Is Search A Public Utility -- And Google A Common Carrier?
Some view search -- especially from Google and Microsoft -- as a public utility. I do to an extent, although it sits on the edge of the internet and is not considered the "infrastructure."
On Tuesday, Ohio Attorney General Dave Yost filed a state lawsuit against Google, seeking to get the company declared a public utility in Ohio. Yost wants to "rein in" the ways that Google uses its search engine to provide results that favor its own products. He suggests that Google's search results direct people to its own services. He points to a study that estimates 65% of searches on Google desktop and mobile ended without clicks to a different company.
Google says there is a first amendment law stating that it has the right to display the results as it wants. Broadband access and Wi-Fi are most often considered the utilities, but along with search engines, I think of them as the infrastructure. Any company like Google, Microsoft, Facebook and Twitter can attach their services to the infrastructure, which really makes search an edge service.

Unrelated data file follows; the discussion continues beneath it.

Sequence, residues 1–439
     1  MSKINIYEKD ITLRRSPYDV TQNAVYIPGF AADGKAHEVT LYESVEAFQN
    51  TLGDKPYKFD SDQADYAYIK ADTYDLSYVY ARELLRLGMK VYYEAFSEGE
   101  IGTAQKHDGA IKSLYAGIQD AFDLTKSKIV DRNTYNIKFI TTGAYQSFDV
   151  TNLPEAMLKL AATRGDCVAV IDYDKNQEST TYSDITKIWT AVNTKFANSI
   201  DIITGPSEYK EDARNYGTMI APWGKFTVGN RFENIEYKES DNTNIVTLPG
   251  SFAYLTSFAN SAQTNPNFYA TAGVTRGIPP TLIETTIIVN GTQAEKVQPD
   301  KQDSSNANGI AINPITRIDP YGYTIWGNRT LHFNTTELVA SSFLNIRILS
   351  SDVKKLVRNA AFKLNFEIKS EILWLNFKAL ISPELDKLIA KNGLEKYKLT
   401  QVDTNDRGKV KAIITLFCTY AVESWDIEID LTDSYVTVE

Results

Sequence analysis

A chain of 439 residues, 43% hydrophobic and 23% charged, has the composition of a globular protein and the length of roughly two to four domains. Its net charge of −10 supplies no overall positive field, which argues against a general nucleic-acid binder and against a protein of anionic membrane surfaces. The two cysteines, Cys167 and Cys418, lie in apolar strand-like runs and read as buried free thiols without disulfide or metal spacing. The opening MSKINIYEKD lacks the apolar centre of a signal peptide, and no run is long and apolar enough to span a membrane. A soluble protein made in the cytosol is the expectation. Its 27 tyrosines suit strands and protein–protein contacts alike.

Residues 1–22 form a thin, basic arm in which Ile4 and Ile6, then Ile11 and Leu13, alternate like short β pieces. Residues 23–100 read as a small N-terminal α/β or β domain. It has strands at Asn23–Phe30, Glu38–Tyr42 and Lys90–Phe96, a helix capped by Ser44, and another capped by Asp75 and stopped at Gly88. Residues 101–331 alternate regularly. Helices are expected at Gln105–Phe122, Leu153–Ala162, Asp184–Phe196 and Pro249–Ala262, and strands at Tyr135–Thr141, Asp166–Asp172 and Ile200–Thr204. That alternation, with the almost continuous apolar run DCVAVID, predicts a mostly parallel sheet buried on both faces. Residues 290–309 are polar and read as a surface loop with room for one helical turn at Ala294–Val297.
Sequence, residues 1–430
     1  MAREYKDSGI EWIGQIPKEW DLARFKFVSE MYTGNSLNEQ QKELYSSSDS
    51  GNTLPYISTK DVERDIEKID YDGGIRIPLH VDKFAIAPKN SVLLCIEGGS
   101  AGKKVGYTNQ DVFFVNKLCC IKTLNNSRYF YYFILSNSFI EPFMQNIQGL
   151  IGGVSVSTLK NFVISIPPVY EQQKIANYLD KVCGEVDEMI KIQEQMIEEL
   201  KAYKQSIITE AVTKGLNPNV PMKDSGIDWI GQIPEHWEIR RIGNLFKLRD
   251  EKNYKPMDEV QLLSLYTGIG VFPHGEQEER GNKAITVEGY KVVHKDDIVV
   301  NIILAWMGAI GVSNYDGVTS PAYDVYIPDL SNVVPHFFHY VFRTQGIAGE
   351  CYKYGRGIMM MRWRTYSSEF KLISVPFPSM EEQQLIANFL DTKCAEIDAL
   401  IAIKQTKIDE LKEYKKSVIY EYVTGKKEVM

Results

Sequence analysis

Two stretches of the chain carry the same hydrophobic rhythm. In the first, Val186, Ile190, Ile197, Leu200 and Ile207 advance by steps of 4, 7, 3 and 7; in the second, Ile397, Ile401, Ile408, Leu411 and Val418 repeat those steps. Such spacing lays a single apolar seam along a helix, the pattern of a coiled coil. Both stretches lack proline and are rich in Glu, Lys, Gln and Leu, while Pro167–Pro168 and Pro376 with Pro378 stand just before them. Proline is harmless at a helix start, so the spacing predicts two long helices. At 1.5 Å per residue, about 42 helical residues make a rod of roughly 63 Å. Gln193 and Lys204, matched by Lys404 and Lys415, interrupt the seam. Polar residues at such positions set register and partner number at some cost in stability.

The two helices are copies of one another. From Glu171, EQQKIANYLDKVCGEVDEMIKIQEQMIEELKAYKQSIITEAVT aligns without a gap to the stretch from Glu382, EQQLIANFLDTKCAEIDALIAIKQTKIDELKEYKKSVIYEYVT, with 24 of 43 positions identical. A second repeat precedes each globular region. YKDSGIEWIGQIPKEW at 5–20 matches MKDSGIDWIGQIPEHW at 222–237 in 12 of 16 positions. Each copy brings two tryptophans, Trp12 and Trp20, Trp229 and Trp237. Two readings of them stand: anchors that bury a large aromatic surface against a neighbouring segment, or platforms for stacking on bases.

Jon Waterman, Ad.net's CEO and founder, says he is by no means an expert on the legal aspects of what it would mean to be a utility in Ohio, “but the major players like Google, Apple, Amazon, and Microsoft, control so much market share, if there are things that can be done to open more opportunities for small entrepreneurs to build more companies and hire employees, I can only think it’s a positive for the overall space.”
Wendy Davis, a colleague and fellow journalist at MediaPost, points to Yost’s complaint filed in the Delaware County Common Pleas Court. Under Ohio law, “an entity may be characterized as a public utility if the nature of its operation is a matter of public concern and if membership is indiscriminately and reasonably made available to the general public.”
The FCC doesn’t have any jurisdiction over internet companies like Google, Microsoft, Facebook or any internet company that it connects to servers that offer content, but it does have jurisdiction that lays the pipes.
Net Neutrality doesn’t affect the edge providers like Google, but rather the infrastructure companies. Some in government, such as Yost from Ohio, would like it to be about Google, Twitter and Facebook, but they never were. There’s always two sides to the story.
via MediaPost.com: mobile https://ift.tt/2oB2PsH
June 8, 2021 at 04:22PM